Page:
EPA has proposed a phase-in approach with Phase 1 in 2012 requiring limited incremental investment in pollution control while phase 2 in 2014 would require more substantial investment. The rule will likely be finalized by the end of 2011.


Air Toxics rule

The Air Toxics (boiler MACT) rule under the Clean Air Act complements and extends the SO2 rule by setting new standards governing a wider array of power plant pollutants, including mercury. “Mercury can harm children’s developing brains, including effects on memory, attention, language, and fine motor and visual spatial skills.” It’s a “maximum achievable control technology” (MACT) rule, meaning that it enforces the use of the technology and practices used by the cleanest 12% of power plants. EPA expects the rule to prevent thousands of premature deaths and tens of thousands of heart attacks, bronchitis cases and asthma attacks and save $59-140 billion in healthcare costs in 2016. []

This rule was prompted by a 2008 lawsuit after the Bush administration refused to address air toxics. Now EPA must finish its work very quickly because, while the current rule was only proposed on March 16, 2011, it has a court-mandated final rule deadline of November 16, 2011.


Mountaintop Removal

Section 404b(J) of the Clean Water Act addresses compensatory mitigation for losses of aquatic life during the disposal of dredged or fill materials. EPA’s action was to further clarify and strengthen environmental permitting requirements for Appalachian mountaintop removal and other surface coal mining projects, in coordination with federal and state regulatory agencies. Using the best available science and following the law, the comprehensive guidance set clear benchmarks for preventing significant and irreversible damage to Appalachian watersheds at risk from mining activity. The agency issued its guidance on April 1, 2010.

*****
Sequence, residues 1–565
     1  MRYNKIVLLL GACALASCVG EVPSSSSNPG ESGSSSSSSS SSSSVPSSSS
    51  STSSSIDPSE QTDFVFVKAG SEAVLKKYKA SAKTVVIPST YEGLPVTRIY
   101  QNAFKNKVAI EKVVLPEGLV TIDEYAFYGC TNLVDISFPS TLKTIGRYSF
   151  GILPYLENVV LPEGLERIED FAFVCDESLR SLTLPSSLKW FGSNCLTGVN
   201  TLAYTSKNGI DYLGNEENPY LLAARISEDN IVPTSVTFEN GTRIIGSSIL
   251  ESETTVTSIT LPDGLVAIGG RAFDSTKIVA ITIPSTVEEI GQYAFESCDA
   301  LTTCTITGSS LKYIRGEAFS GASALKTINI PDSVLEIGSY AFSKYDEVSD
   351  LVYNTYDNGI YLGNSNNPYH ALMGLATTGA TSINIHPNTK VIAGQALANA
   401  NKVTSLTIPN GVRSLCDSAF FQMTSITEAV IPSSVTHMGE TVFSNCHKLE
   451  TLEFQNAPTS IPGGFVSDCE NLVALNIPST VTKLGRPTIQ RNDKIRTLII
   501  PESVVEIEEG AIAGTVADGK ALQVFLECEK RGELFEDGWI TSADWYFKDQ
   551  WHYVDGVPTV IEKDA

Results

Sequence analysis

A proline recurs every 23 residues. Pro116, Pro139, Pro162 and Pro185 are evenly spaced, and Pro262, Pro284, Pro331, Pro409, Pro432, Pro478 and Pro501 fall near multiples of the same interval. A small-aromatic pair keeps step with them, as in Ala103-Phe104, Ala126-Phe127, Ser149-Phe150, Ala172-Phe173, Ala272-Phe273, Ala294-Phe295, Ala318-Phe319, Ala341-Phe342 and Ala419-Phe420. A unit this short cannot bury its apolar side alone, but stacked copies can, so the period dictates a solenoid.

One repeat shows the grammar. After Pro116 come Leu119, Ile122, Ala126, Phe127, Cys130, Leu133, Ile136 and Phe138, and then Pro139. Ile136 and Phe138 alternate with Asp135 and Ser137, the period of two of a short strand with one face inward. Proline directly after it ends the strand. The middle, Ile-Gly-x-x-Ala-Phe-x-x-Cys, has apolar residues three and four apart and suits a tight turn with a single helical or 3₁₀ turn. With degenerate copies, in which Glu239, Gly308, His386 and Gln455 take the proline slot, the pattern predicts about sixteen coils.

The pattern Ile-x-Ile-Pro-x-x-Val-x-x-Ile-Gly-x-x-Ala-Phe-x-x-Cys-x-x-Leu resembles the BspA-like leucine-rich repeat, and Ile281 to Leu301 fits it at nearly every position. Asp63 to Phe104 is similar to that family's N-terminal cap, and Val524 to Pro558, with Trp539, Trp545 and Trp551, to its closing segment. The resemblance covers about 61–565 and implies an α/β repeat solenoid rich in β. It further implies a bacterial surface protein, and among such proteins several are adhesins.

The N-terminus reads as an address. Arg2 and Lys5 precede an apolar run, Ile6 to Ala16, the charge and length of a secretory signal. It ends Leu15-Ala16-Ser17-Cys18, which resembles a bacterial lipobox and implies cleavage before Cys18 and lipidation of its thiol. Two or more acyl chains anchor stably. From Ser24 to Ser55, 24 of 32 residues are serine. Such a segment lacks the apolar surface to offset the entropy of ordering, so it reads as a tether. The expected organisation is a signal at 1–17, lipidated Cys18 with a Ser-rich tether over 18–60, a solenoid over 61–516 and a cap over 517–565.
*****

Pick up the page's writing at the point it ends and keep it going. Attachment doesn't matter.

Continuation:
Section 316b

This section of the Clean Water Act requires that the location, design, construction and capacity of cooling water intake structures reflect the best technology available for minimizing adverse environmental impact. The EPA will issue regulations to reduce injury and death of fish and other aquatic life caused by cooling water intake structures existing at power plants and factories. This includes coal-fired boiler-type power plants that intake or expel water. EPA estimates that the rule applies to an estimated 1,260 existing industrial facilities and will cost those facilities about $384 million annually. The comment period for changes to this rule expires July 19, 2011.


Coal Combustion Residual Rule